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The response to Simone Biles’ exit shows we still have a long way to go on mental health

Everyone’s eager to talk about wellness when it means bubble baths and meditation apps. But supporting mental health—especially when it’s inconvenient—is something we need to do better, whether on the Olympic stage or in the workplace.

The response to Simone Biles’ exit shows we still have a long way to go on mental health
USA’s Simone Biles looks on during the artistic gymnastics women’s team final during the Tokyo 2020 Olympic Games at the Ariake Gymnastics Centre in Tokyo on July 27, 2021 [Photo: LOIC VENANCE/AFP via Getty Images]
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Heading into the 2020 Olympics, few athletes bore greater expectations than Simone Biles. The 24-year-old gymnast was supposed to repeat her dominant 2016 performance in Rio: Bring home team, all-around, floor, and vault gold medals, and debut a risky, high-flying new vault that would be the fifth original skill named in her honor. Talk about pressure.

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In the qualifying round, Biles handily earned the top spot in the all-around and vault, but in team finals, she struggled to find her “air sense” on vault. After a discussion with her coaches, she decided to withdraw from the competition to avoid risking injury and further errors, citing a case of “the twisties.” She stayed in the arena for the rest of the meet, cheering on her teammates who had stepped up to fill the void. Despite a strong showing, Russia ultimately secured first place, leaving the U.S. with silver.

As anyone who’s scrolled a social media feed in the past 48 hours knows, Biles’ decision to withdraw due to a mental focus issue has become a lightning rod of discussion. While there was a huge outpouring of support and empathy, some commenters criticized her for seeming to quit on her teammates and caving under pressure. One tweeted a fictional headline about Michael Jordan withdrawing from the NBA Finals due to a mental health issue, implying that a true champion would have stuck it out.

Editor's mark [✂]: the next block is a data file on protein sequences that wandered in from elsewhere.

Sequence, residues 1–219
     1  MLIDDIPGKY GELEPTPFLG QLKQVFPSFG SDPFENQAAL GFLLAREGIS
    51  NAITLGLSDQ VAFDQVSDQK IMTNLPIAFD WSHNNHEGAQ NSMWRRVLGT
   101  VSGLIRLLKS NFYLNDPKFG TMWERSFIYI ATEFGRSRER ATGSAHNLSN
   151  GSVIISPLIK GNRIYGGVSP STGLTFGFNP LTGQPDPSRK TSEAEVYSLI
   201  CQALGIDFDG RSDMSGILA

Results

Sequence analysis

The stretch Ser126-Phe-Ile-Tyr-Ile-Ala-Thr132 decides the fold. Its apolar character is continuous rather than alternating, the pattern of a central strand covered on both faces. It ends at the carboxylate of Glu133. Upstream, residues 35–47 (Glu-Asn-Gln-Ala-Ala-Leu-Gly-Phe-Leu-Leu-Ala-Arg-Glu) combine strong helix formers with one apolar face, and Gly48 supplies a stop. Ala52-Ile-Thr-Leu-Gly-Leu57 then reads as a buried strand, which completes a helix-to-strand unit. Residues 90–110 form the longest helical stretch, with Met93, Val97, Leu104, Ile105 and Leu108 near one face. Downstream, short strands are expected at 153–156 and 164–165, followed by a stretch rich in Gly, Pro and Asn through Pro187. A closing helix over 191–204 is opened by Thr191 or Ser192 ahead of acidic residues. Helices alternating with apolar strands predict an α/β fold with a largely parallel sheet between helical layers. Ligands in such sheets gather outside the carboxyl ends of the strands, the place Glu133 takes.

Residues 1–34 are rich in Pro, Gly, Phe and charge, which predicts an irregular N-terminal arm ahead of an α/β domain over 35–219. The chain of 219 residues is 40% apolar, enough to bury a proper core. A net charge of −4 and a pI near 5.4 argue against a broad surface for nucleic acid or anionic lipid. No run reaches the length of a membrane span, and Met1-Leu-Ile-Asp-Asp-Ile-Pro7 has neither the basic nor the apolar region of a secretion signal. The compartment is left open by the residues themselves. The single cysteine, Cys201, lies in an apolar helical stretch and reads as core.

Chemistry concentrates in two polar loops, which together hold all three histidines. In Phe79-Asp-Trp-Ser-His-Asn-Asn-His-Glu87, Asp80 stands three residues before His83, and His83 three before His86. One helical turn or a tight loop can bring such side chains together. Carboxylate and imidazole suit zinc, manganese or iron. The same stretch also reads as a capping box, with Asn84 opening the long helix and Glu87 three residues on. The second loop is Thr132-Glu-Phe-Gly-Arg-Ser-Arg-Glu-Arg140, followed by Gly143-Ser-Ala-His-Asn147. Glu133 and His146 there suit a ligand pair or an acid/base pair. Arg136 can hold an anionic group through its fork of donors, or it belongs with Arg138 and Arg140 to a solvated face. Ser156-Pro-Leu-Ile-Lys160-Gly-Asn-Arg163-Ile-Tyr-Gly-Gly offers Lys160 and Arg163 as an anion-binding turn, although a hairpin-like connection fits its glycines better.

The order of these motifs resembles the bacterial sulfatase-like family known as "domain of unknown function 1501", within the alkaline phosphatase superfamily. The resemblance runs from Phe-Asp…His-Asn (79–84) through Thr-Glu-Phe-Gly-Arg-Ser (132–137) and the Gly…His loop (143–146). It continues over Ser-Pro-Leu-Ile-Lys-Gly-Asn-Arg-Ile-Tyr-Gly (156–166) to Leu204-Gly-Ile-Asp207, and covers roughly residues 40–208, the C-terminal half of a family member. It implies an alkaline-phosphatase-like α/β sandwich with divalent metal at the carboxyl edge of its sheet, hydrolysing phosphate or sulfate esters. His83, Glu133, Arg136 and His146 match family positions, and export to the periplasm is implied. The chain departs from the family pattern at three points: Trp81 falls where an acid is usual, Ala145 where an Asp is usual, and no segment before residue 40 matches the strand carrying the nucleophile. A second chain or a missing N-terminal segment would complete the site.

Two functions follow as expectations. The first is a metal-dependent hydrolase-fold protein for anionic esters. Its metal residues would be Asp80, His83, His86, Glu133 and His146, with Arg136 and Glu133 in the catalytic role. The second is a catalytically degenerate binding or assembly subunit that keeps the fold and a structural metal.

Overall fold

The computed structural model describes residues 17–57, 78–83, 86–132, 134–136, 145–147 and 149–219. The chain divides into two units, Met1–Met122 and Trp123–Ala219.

These comments all stem from a larger mentality that sociologists Robert Hughes and Jay Coakley dubbed the “sports ethic,” which says that elite athletes should dedicate their lives to their sport and perform despite pain, injury, and any other obstacle in their way. As a former NCAA gymnast, I wore my injuries as a badge of honor. I learned firsthand how a mistake on vault can have massive consequences, tearing all four cruciate ligaments in my knee my junior year on a vault gone awry. But Biles violated this “sports ethic” by withdrawing without a visible, debilitating injury, à la Kerri Strug of the 1996 Games.

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Just as athletes like Biles are expected to live up to the sports ethic, workers have similar expectations with hustle porn and grind culture, which holds that the best employees dedicate themselves completely to their organizations and do whatever it takes to get the job done. And both of these mentalities are problematic.